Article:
Seniors and Exercise
How can seniors benefit from aerobic exercise?
Like virtue, exercise is its own reward -- and it can help you feel as strong as you did when John F. Kennedy was president. Lifting weights is an excellent way to roll back the years, but the cornerstone of most senior fitness programs is aerobic exercise. Anything that gets oxygen into your system and works your lungs and heart -- whether it's walking, bicycling, swimming, jogging, dancing, or playing tennis -- can go a long way toward turning your age into just another number.
The benefits of aerobic exercise start with the heart. Regular workouts not only strengthen the heart muscle but can also help reduce hypertension and lower high cholesterol, the two major causes of heart disease, in addition to smoking. And you won't have to run a marathon to get results. A Harvard University study of 72,000 women found that three hours of brisk walking every week cut the risk of heart disease by 40 percent. A similar study of 2,700 elderly men in Hawaii found that those who walked 1.5 miles or more per day were half as likely to develop heart trouble as men who seldom walked.
Many other so-called diseases of aging are really diseases of inactivity and can be modified by exercise. In addition, walking, jogging, dancing, and other weight-bearing exercises can help ward off osteoporosis by building bone strength in your spine and joints. And because exercise improves your strength and balance, such exercises can also help prevent the falls that lead to broken bones.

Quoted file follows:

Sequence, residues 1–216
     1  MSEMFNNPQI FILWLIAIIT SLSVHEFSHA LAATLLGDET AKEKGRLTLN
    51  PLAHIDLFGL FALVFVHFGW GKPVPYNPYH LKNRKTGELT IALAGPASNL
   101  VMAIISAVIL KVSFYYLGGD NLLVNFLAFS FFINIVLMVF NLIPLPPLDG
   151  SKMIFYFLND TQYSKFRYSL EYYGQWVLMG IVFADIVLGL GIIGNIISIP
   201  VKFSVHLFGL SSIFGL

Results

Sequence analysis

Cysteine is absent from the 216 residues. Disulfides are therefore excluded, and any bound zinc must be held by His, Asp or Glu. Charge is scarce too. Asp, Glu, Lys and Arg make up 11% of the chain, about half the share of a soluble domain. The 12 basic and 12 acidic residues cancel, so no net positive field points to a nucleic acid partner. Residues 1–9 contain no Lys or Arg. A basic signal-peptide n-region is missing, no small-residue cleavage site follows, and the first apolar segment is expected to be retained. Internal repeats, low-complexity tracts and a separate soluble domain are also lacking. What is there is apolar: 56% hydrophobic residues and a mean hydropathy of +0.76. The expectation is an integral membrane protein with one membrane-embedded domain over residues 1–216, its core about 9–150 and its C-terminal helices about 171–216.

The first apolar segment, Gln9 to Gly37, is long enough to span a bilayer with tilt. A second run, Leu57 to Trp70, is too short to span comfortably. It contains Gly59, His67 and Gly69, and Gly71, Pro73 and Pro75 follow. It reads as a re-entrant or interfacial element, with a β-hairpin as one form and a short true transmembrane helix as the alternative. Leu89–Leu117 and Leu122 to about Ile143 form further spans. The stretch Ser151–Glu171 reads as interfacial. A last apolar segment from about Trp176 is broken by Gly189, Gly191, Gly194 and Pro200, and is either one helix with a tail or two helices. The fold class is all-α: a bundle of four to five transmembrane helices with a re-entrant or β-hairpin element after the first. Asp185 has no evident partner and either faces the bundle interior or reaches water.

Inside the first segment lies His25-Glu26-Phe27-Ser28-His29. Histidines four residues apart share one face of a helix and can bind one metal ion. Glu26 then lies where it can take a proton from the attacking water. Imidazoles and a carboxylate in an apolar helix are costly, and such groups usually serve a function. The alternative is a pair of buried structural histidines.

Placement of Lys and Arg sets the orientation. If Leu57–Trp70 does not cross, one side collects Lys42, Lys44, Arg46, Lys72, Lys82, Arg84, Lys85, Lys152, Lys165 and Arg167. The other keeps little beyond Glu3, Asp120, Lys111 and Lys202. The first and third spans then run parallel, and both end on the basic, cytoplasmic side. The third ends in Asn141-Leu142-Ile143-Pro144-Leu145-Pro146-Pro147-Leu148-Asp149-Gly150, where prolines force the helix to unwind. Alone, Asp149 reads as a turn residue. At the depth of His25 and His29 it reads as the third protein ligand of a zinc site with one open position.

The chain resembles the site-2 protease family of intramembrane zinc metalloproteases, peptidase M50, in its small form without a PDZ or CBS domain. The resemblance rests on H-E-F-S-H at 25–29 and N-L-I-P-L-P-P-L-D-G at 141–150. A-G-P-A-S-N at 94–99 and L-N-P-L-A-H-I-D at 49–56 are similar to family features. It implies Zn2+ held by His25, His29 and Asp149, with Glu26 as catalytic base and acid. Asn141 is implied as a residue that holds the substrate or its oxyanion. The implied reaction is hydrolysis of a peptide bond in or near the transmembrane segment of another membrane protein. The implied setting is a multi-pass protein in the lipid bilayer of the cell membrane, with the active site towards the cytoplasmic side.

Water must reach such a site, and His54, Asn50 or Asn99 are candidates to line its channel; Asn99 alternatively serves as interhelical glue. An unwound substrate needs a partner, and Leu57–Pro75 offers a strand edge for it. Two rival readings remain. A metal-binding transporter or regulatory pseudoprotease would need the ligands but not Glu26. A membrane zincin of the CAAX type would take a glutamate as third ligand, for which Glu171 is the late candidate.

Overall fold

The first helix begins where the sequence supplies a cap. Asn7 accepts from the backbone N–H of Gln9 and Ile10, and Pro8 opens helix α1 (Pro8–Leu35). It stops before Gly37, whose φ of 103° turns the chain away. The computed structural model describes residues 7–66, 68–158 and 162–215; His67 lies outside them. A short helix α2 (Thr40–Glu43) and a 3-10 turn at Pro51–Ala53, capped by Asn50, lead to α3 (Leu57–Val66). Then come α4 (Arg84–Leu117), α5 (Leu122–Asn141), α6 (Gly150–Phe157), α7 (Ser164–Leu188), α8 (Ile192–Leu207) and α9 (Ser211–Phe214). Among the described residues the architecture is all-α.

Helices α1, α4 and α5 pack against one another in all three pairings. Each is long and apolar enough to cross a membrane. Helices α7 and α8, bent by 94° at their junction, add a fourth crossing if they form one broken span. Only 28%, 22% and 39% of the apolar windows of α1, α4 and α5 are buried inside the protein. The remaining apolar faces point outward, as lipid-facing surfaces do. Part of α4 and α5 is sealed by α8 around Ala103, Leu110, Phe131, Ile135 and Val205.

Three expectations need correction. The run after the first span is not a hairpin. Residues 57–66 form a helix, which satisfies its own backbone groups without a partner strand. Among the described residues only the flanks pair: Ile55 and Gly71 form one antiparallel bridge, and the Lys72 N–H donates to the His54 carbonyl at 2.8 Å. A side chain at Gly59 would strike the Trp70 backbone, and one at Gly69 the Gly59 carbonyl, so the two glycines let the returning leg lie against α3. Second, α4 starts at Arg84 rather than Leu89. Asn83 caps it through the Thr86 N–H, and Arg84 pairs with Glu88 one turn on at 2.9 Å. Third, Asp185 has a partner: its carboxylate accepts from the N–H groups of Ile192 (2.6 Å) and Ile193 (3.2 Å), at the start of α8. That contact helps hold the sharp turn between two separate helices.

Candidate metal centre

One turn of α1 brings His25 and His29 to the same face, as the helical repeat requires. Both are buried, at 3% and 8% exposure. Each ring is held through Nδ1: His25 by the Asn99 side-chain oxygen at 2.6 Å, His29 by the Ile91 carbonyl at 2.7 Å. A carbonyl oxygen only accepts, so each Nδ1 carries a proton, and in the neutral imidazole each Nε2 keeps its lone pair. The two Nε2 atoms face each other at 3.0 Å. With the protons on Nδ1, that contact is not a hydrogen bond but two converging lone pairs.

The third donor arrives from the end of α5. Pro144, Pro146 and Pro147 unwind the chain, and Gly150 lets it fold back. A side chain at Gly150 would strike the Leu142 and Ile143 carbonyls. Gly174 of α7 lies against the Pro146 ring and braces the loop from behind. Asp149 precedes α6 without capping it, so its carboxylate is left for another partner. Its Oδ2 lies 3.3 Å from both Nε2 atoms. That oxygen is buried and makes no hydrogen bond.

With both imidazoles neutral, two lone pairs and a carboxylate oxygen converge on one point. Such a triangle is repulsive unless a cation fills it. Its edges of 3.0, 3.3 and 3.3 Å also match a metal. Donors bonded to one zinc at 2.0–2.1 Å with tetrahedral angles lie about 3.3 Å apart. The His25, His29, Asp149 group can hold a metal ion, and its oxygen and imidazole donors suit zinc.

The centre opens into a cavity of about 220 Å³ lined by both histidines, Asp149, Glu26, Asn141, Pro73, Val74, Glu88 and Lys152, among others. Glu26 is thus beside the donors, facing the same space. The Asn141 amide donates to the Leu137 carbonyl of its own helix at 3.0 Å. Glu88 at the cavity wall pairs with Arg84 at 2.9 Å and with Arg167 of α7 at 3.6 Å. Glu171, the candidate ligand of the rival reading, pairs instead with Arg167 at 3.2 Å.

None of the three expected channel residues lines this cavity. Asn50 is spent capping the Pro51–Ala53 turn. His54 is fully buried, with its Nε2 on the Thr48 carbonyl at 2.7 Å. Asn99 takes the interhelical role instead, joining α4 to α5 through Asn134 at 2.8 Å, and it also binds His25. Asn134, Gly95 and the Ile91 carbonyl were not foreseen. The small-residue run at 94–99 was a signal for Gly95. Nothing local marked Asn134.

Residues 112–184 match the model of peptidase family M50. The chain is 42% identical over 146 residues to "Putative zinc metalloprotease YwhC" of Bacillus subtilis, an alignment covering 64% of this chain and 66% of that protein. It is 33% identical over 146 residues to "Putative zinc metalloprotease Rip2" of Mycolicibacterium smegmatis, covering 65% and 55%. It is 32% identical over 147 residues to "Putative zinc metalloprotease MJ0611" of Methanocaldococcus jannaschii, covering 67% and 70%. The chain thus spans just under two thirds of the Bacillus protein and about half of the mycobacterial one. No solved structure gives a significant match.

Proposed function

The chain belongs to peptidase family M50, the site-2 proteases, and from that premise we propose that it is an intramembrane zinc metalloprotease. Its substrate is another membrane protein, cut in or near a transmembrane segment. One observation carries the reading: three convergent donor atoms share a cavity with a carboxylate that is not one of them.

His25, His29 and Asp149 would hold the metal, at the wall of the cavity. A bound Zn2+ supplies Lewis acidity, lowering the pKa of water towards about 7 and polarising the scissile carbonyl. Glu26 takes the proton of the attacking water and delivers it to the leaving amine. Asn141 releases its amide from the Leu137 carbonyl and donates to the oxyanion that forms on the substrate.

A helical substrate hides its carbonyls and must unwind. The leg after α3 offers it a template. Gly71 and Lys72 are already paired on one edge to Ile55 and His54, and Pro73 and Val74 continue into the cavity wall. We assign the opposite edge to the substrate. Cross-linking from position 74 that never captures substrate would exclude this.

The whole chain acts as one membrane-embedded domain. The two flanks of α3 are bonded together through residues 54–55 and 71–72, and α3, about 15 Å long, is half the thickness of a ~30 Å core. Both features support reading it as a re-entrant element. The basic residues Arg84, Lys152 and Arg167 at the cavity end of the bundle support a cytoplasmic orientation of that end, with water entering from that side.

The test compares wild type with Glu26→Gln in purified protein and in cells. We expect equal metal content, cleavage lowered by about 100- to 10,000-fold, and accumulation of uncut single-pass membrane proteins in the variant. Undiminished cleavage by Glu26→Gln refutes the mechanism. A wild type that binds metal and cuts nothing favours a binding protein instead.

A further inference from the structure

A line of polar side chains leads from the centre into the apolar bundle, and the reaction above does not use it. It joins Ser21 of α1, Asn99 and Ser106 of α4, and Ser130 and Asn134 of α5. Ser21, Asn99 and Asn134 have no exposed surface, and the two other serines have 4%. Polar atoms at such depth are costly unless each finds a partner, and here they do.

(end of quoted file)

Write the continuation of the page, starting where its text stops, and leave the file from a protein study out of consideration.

Exercise not only keeps your muscles toned, it may help keep your brain sharp, too. A six-year study of adults over 55 reported in the Journal of the American Geriatric Society found that those who were physically fit at the beginning of the study scored better on mental function tests six years later than those who didn't exercise regularly.
What's more, a 2010 study also suggested that walking at least 6 miles a week -- the equivalent of 72 city blocks -- can help prevent the onset of Alzheimer's. In the first decade of a 20-year study of 426 older adults, the researchers also found that adults who already had Alzheimer's or mild cognitive impairment were able to preserve the brain's key memory and learning centers over at least a 10-year period by walking 5 miles a week.
Can exercise improve my mood?
It can indeed. A regular walk around the block or jog through the park can raise your self-esteem, reduce stress, ease anxiety, and even help abate symptoms of depression. (Be sure to consult your doctor or therapist if you feel depressed, of course, but consider stepping up your exercise as well.) In a study of 156 severely depressed men and women over 50, Duke University researchers suggest that 16 weeks of aerobic exercise may be as effective in alleviating depression as a 16-week regimen of antidepressant drugs.
What exercise should I choose?
The first rule is to find something you love to do. If you thrive on competition, you may want to take up tennis with a friend or neighbor. If you prefer quiet contemplation, you can try early morning walks or laps at a pool. You'll have to listen to your body when making the choice. For instance, if you suffer from arthritis, swimming may be your best option for a pain-free aerobic workout, but you may also want to try regular walks.